(COVID-19): Campus Health Updates
10/9/2020 - Daily COVID-19 Graduate Division Update
Dear Graduate Students and Postdocs,
October is Filipino American History Month, and Filipino Americans make up a full 25% of California’s Asian population. This is a good month to order in or learn some new recipes, and spend some time recognizing that like so many minoritized groups in America, Filipino Americans are being hit particularly hard by COVID-19.
And many of you are likely feeling the stress, of life, of the quarter starting, of the election. Watch yourself, be mindful, and go check out our town hall on wellness and success from today with lots of good resources.
5 ways UCI students are managing burnout:
Check out this list our graduate wellness counselor, Phong Luong (email@example.com), has assembled from the awesome students he talks to regularly.
- Staying connected (weekly meetings with advisors, writing groups, mental health advocacy and support on social media)
- Shifting perspective (focus on what you have done rather than what you didn't get to)
- Reimagining how we frame our day from "work, work, work" to "reward, work, reward" with a solid, focused 4-5 hour work/research block
- Finding outlets to externalize feelings and thoughts (counseling, journaling)
- Physical activity
As part of our conversion to Campus Groups, Graduate Division now has a listing of all events sponsored by our office online:
Three coming up next week:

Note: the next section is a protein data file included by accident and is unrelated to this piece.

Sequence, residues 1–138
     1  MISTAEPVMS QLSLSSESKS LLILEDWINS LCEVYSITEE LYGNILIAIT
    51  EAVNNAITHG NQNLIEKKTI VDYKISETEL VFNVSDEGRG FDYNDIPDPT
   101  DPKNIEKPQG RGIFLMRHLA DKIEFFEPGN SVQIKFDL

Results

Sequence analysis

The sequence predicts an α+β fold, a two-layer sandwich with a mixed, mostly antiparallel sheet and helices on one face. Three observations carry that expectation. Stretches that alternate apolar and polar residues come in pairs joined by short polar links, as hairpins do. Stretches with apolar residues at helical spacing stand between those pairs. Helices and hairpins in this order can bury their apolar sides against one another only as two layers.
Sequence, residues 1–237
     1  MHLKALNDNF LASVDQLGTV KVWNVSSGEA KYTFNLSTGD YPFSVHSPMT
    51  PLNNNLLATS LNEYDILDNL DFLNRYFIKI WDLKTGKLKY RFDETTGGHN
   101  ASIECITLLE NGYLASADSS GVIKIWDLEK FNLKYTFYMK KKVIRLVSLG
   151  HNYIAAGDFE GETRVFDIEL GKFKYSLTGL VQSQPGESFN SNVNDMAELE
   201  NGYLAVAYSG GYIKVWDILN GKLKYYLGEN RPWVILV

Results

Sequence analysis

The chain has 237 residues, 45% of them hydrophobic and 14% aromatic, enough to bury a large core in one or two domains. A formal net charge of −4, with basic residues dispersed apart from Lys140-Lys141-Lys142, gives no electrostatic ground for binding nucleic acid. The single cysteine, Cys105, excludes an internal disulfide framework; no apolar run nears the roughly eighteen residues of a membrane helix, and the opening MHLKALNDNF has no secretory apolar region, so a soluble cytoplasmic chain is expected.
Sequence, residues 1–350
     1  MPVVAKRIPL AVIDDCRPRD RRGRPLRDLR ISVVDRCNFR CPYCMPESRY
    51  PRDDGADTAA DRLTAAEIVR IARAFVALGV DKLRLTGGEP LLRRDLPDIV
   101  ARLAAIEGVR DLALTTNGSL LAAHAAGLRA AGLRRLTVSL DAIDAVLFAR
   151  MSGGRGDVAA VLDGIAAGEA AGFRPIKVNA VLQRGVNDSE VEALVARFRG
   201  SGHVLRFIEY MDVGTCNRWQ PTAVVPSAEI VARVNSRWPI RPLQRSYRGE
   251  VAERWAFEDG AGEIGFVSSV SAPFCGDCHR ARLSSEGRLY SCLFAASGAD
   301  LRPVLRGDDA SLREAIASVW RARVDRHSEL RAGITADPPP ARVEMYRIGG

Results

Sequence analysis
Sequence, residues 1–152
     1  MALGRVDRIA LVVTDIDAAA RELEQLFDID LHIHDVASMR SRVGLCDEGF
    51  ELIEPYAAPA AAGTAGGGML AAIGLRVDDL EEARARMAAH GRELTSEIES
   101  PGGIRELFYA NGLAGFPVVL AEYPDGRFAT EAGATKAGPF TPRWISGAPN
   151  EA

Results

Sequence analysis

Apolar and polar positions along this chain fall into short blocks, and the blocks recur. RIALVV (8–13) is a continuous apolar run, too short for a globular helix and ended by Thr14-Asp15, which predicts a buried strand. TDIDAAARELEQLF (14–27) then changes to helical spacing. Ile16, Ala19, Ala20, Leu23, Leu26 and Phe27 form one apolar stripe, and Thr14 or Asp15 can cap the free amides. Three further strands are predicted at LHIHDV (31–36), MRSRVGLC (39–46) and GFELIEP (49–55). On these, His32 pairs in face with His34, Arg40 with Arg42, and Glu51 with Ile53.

- Writing for Fellowships
- Learn some strategies for writing competitive fellowship materials and take part in some exercises to help you get started!
- 10/12/2020 1:00pm - 10/12/2020 2:30pm
- NSF Q&A Drop-In Hours
- Drop-by to ask any questions that you have about NSF GRFP! Register to receive link and feel free to drop by for any, or all, of the 2-hour sessions
- 10/13/2020 9:00am - 10/13/2020 11:00am
- Writing a CV
- This webinar explains the purpose, format, and content of the Curriculum Vitae (CV). Learn how to create and critique your academic CV.
- 10/13/2020 12:00pm - 10/13/2020 1:00pm
Grad Division is now doing monthly town halls with different topics and special guests each month. We had our October edition today focusing on wellness and success. If you missed it, not to worry, you can watch this and all of our other previous town halls by clicking here. Save the date for our next two town halls.
- November 13th | 3 pm - 4 pm PT - Finding Academic Success in a COVID-19 Environment
- December 11th | 3 pm - 4 pm PT - Diversity and Inclusion at UCI
As a reminder, the University of California, out of concern for the potential for very serious or life-threatening illness in the campus community caused by anticipated simultaneous community transmission of both influenza and COVID-19, is requiring influenza vaccine for students, faculty, and staff (including other academic personnel) living, working or learning on campus any time beginning November 1, 2020 and continuing through the end of the flu season.